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Igor STRAVINSKY (1882-1971) Perséphone
Paul DUKAS (1865-1935) Overture Polyeucte
Paul Groves (tenor); Nicole Tibbels (speaker)
Cantate Youth Choir; Trinity Boys’ Choir
BBC Symphony Orchestra and Chorus/Sir Andrew Davis (Stravinsky) and Jan Pascal Tortelier (Dukas)
Recorded in the Royal Albert Hall (live) August 10th 2003
WARNER CLASSICS 2564 61548-2 [73:34]

This CD comes as one of a series issued by Warner Classics in conjunction with the BBC. It demonstrates some of the finest highlights from the 2003 Proms season. I am thrilled that they have chosen this particular concert. I remember hearing it whilst sitting on a Dorset balcony last August and thinking what a fine but curiously rare work ‘Perséphone’ is ... and what a beautiful one. What came across then, even on my clapped-out transistor, comes across even more strongly here: what a superb performance and vivid recording. We should be especially grateful to and delighted at Warners and the BBC giving us the opportunity to revisit the concert.

I cannot stress too highly that these are excellent performances of rare works. They are just the kind of thing that the Proms does best. The children’s choirs are especially superb and wonderfully drilled. The live recording is not spoiled in the least by audience noise and their only noticeable contribution is some ideally positioned applause at the end of each work.

Stravinsky described Perséphone as a ‘Melodrama in three scenes for tenor, mixed chorus, children’s choir and orchestra’. The part of Perséphone is taken throughout by a female speaker. The somewhat oblique and slightly philosophical text was by André Gide, who so disapproved of some aspects of Stravinsky’s setting that he failed to come to the rehearsals or the first performance. This took place in Paris in April 1934.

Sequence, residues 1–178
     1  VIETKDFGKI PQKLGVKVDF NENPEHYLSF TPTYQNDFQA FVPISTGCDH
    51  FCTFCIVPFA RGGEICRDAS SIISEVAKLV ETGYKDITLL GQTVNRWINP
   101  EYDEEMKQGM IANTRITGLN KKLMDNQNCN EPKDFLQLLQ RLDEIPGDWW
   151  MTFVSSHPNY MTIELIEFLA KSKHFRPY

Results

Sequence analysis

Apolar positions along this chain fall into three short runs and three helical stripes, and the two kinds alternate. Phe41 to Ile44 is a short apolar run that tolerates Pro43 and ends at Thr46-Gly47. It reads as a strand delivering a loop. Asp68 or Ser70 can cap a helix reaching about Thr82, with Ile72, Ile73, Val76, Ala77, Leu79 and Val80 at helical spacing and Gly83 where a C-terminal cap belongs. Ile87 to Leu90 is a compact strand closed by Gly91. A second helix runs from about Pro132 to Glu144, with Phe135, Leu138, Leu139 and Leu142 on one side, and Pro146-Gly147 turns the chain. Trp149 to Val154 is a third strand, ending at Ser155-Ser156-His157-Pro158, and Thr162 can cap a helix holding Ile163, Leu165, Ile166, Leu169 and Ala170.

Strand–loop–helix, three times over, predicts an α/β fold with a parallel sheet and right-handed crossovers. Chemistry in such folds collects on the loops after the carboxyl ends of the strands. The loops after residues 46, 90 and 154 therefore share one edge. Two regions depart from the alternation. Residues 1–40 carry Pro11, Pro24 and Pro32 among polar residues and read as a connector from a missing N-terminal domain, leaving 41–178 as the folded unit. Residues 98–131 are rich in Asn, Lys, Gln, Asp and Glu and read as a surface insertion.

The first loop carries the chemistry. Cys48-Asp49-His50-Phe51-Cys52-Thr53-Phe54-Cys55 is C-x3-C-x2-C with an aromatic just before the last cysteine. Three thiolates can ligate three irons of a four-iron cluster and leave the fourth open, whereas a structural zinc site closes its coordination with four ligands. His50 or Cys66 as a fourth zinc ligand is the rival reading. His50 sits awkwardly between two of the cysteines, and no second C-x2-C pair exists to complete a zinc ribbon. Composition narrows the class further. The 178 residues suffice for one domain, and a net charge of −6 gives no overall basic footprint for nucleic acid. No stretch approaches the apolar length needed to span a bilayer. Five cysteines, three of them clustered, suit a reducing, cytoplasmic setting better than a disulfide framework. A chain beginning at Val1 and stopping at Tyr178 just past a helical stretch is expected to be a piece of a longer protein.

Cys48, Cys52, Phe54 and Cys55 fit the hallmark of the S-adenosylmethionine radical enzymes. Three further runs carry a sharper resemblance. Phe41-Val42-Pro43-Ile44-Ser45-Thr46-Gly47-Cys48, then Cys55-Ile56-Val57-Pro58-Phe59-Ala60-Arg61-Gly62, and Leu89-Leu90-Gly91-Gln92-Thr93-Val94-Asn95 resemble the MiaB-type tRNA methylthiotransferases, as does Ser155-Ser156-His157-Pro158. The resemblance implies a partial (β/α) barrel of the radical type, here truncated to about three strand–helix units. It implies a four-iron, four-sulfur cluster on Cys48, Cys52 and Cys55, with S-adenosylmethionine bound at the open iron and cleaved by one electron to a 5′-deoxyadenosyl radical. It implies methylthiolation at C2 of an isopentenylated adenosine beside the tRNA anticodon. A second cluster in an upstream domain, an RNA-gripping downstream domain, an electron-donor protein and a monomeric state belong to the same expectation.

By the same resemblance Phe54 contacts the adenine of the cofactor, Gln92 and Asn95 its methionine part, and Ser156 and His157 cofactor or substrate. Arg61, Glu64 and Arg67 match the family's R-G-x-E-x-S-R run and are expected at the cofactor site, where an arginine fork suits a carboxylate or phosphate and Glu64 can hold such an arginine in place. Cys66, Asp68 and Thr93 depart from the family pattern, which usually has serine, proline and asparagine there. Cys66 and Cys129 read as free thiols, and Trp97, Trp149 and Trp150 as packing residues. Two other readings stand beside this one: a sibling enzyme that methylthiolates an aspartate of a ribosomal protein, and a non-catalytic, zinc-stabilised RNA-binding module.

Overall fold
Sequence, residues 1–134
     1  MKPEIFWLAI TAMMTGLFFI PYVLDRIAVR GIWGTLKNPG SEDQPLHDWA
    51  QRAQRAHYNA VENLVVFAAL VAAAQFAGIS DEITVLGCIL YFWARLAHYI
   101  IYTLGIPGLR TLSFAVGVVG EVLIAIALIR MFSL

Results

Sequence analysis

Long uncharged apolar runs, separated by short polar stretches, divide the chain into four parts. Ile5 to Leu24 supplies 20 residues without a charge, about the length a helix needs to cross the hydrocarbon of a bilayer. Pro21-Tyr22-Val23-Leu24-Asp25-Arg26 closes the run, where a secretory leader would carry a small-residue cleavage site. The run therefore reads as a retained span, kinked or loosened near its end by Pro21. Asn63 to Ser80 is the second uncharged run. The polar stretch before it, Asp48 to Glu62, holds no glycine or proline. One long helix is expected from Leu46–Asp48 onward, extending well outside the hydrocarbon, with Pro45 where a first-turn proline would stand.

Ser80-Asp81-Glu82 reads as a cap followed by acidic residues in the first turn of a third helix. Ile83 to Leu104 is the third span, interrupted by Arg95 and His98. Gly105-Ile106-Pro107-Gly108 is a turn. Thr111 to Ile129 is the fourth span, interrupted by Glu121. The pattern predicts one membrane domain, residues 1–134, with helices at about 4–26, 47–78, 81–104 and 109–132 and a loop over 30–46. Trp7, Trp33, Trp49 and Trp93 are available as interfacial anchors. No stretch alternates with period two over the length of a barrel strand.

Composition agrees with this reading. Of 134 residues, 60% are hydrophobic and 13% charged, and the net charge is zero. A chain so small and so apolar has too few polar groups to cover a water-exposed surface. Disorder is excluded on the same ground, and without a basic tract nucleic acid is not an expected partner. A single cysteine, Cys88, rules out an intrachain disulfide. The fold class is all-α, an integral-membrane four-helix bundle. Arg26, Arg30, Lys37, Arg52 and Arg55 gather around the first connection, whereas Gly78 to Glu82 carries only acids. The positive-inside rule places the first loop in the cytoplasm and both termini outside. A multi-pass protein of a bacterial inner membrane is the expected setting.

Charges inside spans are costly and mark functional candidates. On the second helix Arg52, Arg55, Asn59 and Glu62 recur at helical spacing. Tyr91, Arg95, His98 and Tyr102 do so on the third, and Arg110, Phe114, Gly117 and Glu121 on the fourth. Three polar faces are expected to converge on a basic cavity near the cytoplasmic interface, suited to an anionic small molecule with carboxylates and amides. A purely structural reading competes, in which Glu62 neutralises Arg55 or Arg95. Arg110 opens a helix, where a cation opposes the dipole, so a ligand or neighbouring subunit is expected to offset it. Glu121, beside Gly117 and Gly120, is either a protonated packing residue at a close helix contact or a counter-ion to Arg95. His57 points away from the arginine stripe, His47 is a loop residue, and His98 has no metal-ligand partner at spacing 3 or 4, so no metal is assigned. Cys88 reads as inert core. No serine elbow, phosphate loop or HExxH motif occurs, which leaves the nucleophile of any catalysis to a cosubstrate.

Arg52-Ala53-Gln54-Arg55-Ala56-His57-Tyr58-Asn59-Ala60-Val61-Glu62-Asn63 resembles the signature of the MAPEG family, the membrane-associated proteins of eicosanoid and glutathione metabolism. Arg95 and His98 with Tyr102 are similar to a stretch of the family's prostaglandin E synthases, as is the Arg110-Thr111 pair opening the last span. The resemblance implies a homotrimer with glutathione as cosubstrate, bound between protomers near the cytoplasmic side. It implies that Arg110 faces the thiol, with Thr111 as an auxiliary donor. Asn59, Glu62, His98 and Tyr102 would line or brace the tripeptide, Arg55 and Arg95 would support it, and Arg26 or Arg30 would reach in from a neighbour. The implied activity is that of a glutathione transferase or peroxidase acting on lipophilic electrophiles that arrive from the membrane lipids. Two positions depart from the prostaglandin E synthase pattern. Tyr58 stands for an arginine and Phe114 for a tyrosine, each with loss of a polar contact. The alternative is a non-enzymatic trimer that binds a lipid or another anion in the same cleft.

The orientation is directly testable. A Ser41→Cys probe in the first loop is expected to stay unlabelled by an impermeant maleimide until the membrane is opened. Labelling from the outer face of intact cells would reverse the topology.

Gide’s poem, which had been written before the First War, is based on the Homeric hymn to Demeter which has, as a climax, Persephone’s descent into the underworld. There she becomes Pluto’s bride. While there she becomes desperate to return to earth where her mother mourns her. It is her destiny to reign over the underworld as Pluto reminds her in scene 2. It is winter and spring is eagerly awaited. Persephone has the power to bring that season back to earth when she marries.

The score is divided into several solos for Eumpolpus (tenor) who acts as a kind of spirit guide for the listeners. Chorus numbers sometimes combine with the tenor. There are also orchestral interludes and verbal interjections by Persephone.

The music is typical mid-period Stravinsky. It brings to mind especially the ‘Symphony in C’ (1939). The vocal writing of the opening scene is quite balletic and I was reminded of Apollon Musagètes (1928). Some of the stronger rhythmical moments in the chorus conjure up a kind of secular ’Symphony of Psalms’ (1930). The beautiful choral writing near the beginning of scene 2 is like nothing I have ever heard in Stravinsky. Its melodic charm seems set in another world, which indeed it is as Persephone lies asleep beside the banks of the Lethe.

One might call this piece the antithesis of ‘Sacre du Printemps’ which also deals with the moment that winter becomes spring. This topic is explored more thoroughly in the insert notes. The work remains a curious hybrid which is best thought of in Stravinsky’s own words "a masque or dance pantomime".

The Dukas symphonic poem, dated 1892, is based on the story of an early Christian martyr, daughter of the Roman Governor Armenia who has to implement anti-Christian policies. This conflict creates a tense and dark score. It is an early work; indeed it seems more reminiscent of Vincent d’Indy and of César Franck who was Dukas’ teacher. Yet there are some typical finger-prints. I was reminded of the next step in the composer’s development, the Symphony (1896) especially the slow movement which is only a touch more ‘impressionist’. The way in which the themes are repeated and developed in such an ingenious, rather Wagnerian manner is a reminder of Dukas’ greatest work: ‘The Sorcerer’s Apprentice’.

Full texts in French with a fine English and German translation are given. There are also performer biographies as well as a helpful and detailed essay which I suspect formed the original programme notes. These are by David Nice on the Stravinsky and by Adrian Jack on the Dukas.

Highly recommended.

Gary Higginson

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